Théâtre de la Guerre sur la Mer Méditerranée comprennant l'Invasion de l'Isle Minorque par l'Armée Espagnole aux Ordres du Duc de Crillon le 19 Aoust 1781 avec les Plans du Port Mahon, du Fort S. Philippe, une Partie des Côtes d'Espagne, de Barbarie et du Détroit de Gibraltar.
20.75 x 30 in (52.705 x 76.2 cm)
1 : 8400
This is a 1781 Louis Brion de la Tour map of Menorca illustrating the 1781 Franco-Spanish invasion of Menorca. The map marks the end of roughly 20 years of British control of Menorca and the return of the island to Spanish sovereignty.
A Closer LookThe central map highlights Fort St. Philippe and the town of Mahon. The fort appears in detail, with the royal battery, fortifications (including lunettes), the arsenal, and the hospital labeled. Ten other locations (four counterguards and six ravelins) are alphabetically identified and correspond with a key along the bottom border. An inset of Menorca occupies the lower left quadrant and illustrates the entire island in detail. Sixteen events and locations related to the invasions are illustrated with a corresponding key to the right of the inset. Coastal islands and inlets are labeled, along with cities, towns, and villages throughout the island. A short history of Menorca appears in the lower left. A second inset in the upper situates Menorca in relation to British Gibraltar, where a second siege was underway. A short paragraph entitled 'Remark on Gibraltar' occupies the upper right and provides context.
The 1781 Invasion of MenorcaPart of the wider war sparked by French intervention in the American Revolutionary War, The 1781 Franco-Spanish invasion of Menorca was part of the wider war sparked by French intervention in the American Revolutionary War (1775 - 1783). Britain captured the island during Seven Years' War (1756 - 1763). In 1781, coordinated French and Spanish attacked British Menorca, successfully landing troops at multiple locations. While the invasion was meant to be a surprise, the large fleets did not go unnoticed, and the British strategically withdrew into Fort. St. Philippe. The French commander attempted unsuccessfully to negotiate the British garrison's surrender, and failing, began a five-month siege. Eventually, scurvy forced the British to surrender. The British were allowed to surrender with honor and were sent back to England on British ships.
Publication History and CensusThis map was drawn by Louis Brion de la Tour and published by Esnauts and Rapilly in 1782. We note three cataloged examples worldwide, which are part of the collections at the Archives nationales de France, Universiteitsbibliotheek Utrecht, and the Universitätsbibliothek Bern. We note only one other instance when this piece has appeared on the private market.'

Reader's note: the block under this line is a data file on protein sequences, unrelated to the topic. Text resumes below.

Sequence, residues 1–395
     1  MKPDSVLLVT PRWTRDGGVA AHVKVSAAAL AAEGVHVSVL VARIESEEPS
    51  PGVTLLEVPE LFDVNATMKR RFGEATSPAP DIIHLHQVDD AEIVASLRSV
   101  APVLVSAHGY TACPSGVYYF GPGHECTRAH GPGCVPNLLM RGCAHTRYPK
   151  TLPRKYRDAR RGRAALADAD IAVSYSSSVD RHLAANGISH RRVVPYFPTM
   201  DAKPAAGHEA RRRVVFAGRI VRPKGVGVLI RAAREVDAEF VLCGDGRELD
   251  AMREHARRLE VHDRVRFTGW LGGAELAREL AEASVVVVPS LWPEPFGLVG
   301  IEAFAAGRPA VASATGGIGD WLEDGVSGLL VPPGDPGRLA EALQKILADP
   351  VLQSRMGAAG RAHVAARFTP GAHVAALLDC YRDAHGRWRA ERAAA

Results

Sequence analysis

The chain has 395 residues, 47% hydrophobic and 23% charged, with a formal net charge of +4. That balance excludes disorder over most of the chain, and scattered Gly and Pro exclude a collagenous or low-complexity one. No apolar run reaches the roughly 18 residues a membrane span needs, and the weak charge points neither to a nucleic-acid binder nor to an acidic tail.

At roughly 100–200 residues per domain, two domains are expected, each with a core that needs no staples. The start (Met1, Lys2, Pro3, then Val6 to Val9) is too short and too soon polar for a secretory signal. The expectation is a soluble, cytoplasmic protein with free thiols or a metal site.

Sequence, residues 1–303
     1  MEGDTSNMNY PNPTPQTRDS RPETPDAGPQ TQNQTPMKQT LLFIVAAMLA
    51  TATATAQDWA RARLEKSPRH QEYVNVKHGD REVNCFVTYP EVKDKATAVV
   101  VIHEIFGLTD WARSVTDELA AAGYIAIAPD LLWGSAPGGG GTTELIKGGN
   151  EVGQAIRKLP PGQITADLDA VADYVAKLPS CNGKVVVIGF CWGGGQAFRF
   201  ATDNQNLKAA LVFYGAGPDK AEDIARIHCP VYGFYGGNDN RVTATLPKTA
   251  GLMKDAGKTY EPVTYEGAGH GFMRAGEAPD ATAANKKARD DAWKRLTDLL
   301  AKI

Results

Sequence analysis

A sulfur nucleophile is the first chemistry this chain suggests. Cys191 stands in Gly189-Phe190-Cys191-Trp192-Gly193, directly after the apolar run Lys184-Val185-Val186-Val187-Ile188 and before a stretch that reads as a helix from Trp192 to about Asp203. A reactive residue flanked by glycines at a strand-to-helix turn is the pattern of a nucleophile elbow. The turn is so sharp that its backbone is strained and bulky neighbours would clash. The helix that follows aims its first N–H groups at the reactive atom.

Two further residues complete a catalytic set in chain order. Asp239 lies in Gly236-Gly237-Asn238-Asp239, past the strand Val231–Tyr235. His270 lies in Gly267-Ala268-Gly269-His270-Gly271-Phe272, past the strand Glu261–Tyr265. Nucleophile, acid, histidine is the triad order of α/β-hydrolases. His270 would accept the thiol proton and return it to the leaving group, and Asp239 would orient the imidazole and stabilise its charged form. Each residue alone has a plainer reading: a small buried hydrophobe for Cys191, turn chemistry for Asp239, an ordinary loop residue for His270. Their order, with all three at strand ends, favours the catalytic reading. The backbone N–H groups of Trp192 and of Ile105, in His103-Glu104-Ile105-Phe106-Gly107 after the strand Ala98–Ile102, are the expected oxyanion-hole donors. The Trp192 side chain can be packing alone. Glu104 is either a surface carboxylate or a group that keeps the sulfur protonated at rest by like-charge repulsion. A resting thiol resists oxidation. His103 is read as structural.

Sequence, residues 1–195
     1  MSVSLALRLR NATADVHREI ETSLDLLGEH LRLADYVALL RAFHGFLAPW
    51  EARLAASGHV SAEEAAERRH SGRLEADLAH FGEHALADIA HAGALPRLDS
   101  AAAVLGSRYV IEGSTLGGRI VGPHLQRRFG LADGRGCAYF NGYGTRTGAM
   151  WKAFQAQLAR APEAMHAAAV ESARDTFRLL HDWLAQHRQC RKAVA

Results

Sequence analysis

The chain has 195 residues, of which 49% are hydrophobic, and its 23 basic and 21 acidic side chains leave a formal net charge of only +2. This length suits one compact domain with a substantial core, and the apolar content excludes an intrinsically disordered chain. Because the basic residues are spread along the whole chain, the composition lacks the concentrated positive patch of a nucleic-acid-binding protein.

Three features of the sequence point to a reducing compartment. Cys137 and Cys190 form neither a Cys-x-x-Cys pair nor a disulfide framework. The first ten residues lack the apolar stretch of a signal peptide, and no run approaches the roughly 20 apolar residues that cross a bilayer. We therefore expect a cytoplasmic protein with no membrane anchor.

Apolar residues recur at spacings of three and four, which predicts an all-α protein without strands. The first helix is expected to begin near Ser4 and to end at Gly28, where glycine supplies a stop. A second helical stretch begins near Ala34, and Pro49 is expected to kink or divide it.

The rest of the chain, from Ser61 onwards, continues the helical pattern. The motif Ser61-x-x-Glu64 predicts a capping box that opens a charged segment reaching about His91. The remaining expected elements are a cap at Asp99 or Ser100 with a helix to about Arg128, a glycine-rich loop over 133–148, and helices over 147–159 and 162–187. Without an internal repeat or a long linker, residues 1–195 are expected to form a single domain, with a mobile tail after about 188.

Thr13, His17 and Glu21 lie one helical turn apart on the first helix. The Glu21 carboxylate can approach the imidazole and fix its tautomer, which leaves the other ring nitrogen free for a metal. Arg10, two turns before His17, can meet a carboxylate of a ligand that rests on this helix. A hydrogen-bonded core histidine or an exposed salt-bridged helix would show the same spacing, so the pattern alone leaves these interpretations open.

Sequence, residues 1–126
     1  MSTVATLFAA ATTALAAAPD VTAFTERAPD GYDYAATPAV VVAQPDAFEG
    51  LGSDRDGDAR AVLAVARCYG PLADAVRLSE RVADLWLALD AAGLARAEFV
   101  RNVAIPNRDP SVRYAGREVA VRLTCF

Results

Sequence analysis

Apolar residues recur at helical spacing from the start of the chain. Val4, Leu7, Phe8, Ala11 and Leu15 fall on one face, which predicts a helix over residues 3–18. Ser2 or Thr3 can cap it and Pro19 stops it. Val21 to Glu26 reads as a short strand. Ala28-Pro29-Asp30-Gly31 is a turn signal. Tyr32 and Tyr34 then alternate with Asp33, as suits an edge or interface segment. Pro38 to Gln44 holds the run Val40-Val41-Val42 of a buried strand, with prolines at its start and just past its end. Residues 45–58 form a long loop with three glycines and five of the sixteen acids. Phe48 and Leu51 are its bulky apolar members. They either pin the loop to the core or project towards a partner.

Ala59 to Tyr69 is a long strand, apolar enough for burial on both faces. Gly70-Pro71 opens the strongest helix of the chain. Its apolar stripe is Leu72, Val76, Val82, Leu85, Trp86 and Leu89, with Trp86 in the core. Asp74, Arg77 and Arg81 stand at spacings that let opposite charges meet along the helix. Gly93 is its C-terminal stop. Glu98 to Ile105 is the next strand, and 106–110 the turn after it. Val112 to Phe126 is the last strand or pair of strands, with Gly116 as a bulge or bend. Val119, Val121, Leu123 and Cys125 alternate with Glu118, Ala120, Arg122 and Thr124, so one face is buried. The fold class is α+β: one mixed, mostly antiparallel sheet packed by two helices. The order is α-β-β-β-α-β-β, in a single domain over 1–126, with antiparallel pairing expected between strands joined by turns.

Louis Brion de la Tour (1743 - 1803) was the Cartographer Royal to the King of France, his official title being Ingenieur-Geographe du Roi. Despite a prolific cartographic career and several important atlases to his name, little is actually known of his life and career. He may have been born in Bordeaux. His son of the same name was born in 1763 and published until his death in 1832. It is nearly impossible to distinguish the work of the father from the work of the son, as both used the same imprint and were active in roughly the same period. Much of their work was published in partnership Louis Charles Desnos (fl. 1750 - 1790). Their most notable work is generally regarded to be his 1766 Atlas General. Learn More...
Esnauts and Rapilly (fl. c. 1775 - 1811) were Paris based print sellers and publishers active in the latter part of the 18th century. The firm was founded by Jacques Esnauts and Michel Rapilly. Esnauts and Rapilly are best known not for their cartographic works, but rather for their fashion prints. The important publication La Galerie des Modes highlighted the fashions of the French aristocracy just prior to the French Revolution and is considered to be the first published "fashion magazine". At this time, Paris was the center of the fashion world and Esnauts and Rapilly's plates were widely distributed to eager fashionistas the world over. The firm also published a number of important and influential maps including several depicting pivotal moments in the American Revolutionary War. Not wanting to miss out on potential customers, Esnauts and Rapilly gave exact directions to their bookshop on many of their publications: "at the Baker's shop, opposite the Cutler." Learn More...
Very good. Light wear along original centerfold.
Archives nationales de France NN/386/35. OCLC 902704305.